Snowy, sloshy, wet floors mean trouble. Not only are they a burden on your building floor finishes and carpet, but they can easily lead to slip and fall liabilities. Average settlements are tens of thousands of dollars, so a little preparation is well in order.
Insurance companies often rank slip and fall costs in their top-three for business policies. Some insurors provide a discount if your building can pass their safety program or inspection list.
What conditions lead to slips and falls, and how can they be reduced?
- 1. Floor finish friction is not right for the area or application. Floor finishes are rated by their "coefficient of friction" by a device known as a James Machine, or another newer device, the Topaka unit which measures dynamic coefficient of friction. The James Machine ratings run from .01 to 1.0, with .5 being the minimum acceptable. You want a floor finish rated above .5 and closer to 1.0. A PUR-O-ZONE floor specialist can advise you.
- 2. Spray buffing has "speeded up" the floor. Spray buffing hardens the finish and can lower the James Machine rating. Get advice on a modern buffing agent or restorer designed to add to the coefficient of friction, thereby once again slowing down your floor.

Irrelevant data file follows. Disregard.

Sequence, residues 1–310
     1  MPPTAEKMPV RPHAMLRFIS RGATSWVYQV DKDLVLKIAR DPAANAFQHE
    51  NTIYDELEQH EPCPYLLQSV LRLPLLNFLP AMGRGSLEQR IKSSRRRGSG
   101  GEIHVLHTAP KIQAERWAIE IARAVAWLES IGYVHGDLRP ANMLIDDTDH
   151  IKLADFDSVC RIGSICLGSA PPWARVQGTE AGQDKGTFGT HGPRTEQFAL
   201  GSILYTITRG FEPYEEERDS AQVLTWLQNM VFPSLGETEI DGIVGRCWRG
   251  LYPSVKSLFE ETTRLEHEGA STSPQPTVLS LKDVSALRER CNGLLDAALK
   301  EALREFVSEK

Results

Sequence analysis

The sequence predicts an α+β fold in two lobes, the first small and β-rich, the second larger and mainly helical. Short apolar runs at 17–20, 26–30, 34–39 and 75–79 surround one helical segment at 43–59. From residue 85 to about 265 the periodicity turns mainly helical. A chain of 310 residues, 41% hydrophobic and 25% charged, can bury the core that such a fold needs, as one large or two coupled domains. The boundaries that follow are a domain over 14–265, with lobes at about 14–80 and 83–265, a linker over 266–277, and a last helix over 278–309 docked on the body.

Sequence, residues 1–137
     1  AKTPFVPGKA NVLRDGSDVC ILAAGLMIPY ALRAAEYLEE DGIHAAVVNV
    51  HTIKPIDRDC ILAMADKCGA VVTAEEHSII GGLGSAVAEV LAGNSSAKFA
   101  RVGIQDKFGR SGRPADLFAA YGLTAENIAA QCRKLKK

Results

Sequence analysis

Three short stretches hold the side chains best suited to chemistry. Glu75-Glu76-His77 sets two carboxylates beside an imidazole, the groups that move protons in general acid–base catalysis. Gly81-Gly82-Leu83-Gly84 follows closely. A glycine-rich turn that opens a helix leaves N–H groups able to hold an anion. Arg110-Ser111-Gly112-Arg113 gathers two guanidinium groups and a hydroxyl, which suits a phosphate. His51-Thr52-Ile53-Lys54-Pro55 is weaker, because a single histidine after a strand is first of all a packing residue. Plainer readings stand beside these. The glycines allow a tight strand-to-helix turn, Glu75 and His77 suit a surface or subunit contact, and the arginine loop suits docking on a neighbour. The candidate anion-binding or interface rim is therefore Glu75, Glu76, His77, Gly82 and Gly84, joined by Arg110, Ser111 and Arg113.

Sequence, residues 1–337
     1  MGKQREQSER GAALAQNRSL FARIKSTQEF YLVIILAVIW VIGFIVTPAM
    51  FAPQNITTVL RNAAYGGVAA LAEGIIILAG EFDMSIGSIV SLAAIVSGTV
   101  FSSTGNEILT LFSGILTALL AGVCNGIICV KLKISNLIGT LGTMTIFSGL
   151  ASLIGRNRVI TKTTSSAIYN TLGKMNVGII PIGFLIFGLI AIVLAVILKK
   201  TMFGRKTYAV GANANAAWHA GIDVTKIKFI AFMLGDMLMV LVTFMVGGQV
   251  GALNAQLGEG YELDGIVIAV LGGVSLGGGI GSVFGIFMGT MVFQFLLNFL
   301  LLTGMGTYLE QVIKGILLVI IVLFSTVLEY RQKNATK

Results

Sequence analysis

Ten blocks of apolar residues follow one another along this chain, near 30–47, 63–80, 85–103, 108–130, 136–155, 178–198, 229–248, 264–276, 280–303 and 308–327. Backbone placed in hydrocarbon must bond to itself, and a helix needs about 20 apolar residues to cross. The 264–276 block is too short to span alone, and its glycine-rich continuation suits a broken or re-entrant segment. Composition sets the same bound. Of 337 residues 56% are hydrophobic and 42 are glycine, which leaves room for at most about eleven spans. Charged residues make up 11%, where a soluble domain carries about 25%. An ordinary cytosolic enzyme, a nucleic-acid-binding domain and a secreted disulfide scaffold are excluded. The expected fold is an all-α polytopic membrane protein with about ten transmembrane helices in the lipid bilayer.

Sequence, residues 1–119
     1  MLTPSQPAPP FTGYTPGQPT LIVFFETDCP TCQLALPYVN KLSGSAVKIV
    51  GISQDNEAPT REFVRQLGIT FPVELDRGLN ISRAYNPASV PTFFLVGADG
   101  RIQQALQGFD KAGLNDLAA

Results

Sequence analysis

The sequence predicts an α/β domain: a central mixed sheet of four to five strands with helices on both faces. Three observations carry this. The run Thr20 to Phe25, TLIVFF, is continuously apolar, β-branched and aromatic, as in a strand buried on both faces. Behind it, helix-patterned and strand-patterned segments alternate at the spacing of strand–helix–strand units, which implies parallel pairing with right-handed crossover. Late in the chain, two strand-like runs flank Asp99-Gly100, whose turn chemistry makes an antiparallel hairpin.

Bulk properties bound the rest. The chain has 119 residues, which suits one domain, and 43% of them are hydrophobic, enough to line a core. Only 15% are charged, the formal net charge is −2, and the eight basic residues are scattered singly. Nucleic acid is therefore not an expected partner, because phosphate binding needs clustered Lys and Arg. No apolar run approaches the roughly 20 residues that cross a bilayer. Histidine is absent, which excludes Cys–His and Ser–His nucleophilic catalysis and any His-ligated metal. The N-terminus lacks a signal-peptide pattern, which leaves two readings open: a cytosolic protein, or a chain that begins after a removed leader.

- 3. Oversprays have lubricated the floor. If your janitorial staff uses stainless steel cleaner, furniture polish, silicone door lubricants or similar products, oversprays can create slicker areas. Cleanup and thorough removal after using these products over finished hard surfaces is important to keeping floors at safe friction levels. Consider a microfiber mopping system. We can consult with you on faster and more effective ways to clean using the advancements in microfiber.
4. Wet floors from inclement weather. Water and ice immediately lubricate hard floors, bringing them under the safety minimum .5 level of friction coefficient. Ways to fight back include:
- Replace thin matting, such as that used by rental companies. Investment in quality matting you clean-in-place pays for itself in a short time.
- Follow traffic lanes with 30 total feet of matting.
- Use 3-stage matting starting outside the building. This process captures much more soil and moisture and reduces cleanup.
5. Unnoticed spills. Everyone in your building should be a spill spotter.
- A memo reminding occupants of how to notify your custodial rapid response person(s) of a spill should go out twice a year.
- Posting the call number in spill-critical areas is another safety idea.
- Adequate distribution of "wet floor" marking signage can allow anyone who notices a spill to put up a safety cone in the interim.
For answers to your questions about matting stage types, slip-fall floor resistance, and clean-in-place savings and flexibility, fill in the form in the left column. Your business in Kansas or Western Missouri will profit from this no-obligation entryway analysis.